Government won't have to fork out cash to those living near a shale gas exploration site for some time to come, a consultation document into the matter has revealed.
The Shale Wealth Fund consultation, which was launched today by the Treasury, revealed, because the Fund would be financed using tax revenues from sites developed for gas production, it is likely to not be in full swing until after the first community benefits funding provided by the industry.
This funding won't be paid out until after the first exploration wells are drilled to test the flow of gas.
Although no precise time scale was mooted by the consultation document, shale gas company Cuadrilla has previously said it would take at least five years of exploration before production could begin at large.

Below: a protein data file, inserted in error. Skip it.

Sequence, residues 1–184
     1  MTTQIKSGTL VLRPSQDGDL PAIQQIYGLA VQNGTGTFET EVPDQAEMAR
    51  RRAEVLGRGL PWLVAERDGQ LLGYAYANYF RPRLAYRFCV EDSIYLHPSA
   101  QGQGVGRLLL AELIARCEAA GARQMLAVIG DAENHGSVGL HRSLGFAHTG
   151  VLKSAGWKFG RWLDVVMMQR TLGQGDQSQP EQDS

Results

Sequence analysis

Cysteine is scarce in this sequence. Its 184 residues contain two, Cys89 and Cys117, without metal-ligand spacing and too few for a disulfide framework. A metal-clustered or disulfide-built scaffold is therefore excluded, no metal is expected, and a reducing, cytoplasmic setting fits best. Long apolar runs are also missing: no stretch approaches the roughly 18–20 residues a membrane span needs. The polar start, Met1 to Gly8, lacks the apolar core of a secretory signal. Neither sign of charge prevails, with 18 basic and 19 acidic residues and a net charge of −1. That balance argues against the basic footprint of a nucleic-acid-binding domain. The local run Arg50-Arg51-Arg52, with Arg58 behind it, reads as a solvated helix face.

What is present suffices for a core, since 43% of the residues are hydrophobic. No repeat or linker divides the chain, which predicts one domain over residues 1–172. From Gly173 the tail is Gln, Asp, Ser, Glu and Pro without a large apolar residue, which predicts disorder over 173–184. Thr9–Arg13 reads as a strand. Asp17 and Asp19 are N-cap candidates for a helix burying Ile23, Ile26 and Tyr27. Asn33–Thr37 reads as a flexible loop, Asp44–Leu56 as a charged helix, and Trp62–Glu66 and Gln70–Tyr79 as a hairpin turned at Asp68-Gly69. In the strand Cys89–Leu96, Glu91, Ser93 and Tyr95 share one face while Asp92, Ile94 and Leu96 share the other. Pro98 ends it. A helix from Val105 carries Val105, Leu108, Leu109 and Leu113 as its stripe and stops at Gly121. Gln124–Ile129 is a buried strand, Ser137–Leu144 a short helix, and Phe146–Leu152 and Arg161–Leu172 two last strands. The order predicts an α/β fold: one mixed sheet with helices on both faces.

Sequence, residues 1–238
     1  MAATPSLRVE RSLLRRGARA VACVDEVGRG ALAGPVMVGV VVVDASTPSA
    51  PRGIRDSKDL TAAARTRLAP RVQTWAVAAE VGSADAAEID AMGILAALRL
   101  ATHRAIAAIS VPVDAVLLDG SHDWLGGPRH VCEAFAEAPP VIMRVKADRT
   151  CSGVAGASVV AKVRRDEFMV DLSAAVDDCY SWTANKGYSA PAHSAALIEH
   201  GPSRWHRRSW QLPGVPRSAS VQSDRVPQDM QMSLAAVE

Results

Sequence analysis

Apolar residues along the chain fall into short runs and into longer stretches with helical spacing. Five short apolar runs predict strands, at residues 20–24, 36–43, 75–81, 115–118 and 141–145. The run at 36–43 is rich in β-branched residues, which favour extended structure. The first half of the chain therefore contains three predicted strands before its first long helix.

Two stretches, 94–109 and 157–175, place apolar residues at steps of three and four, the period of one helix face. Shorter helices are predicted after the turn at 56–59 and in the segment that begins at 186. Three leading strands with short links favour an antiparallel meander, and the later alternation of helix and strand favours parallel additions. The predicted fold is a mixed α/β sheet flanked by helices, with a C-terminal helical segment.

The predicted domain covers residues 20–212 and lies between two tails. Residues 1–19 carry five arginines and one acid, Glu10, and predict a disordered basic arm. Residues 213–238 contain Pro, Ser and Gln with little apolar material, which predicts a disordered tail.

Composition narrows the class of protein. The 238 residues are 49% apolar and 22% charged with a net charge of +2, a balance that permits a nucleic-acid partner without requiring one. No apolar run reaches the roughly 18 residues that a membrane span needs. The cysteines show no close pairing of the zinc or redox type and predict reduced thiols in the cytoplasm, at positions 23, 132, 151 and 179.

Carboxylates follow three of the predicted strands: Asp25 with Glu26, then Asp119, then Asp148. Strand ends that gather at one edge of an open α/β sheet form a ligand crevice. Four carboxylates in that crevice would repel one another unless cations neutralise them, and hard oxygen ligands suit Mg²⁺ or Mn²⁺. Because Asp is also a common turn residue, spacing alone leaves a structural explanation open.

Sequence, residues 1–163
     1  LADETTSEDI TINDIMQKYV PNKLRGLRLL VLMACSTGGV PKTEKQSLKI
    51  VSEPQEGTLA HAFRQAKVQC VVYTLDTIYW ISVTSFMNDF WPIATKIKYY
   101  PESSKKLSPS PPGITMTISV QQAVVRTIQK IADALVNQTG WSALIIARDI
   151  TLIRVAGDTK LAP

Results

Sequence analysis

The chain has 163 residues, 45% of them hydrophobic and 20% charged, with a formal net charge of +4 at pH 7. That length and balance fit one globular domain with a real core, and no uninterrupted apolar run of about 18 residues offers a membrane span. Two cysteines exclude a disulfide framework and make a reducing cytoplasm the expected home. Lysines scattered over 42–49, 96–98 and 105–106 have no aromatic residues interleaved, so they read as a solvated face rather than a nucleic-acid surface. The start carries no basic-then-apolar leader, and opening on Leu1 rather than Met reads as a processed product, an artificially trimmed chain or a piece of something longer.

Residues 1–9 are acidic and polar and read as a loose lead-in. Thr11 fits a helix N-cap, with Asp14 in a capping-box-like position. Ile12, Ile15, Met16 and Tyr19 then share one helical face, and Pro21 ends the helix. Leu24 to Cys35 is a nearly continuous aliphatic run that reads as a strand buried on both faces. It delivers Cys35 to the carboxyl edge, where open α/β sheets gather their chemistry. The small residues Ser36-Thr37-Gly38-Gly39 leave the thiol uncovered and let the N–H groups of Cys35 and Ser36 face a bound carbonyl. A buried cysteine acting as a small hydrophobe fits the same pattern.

The consultation document also proposed pay outs for each community be capped at £10m.
The Shale Wealth Fund, which could be worth up to £1bn, is designed to benefit communities where fracking is due to take place and will pay out over the course of 25 years. Individual households could receive as much as £10,000.
"We are backing the safe development of shale gas because natural gas is absolutely vital to the economy, currently providing around one third of our energy supply," said Jane Ellison, financial secretary to the Treasury. "We’ve made safety and the environment our top priorities but we also want to ensure local people and communities see extra benefit, beyond the jobs and growth that the safe use of shale gas delivers."
Baroness Neville-Rolfe, energy minister, added: "It is right that local communities should benefit from this new industry and that they should have a say in how such money can be put to best use."
The consultation will run until October.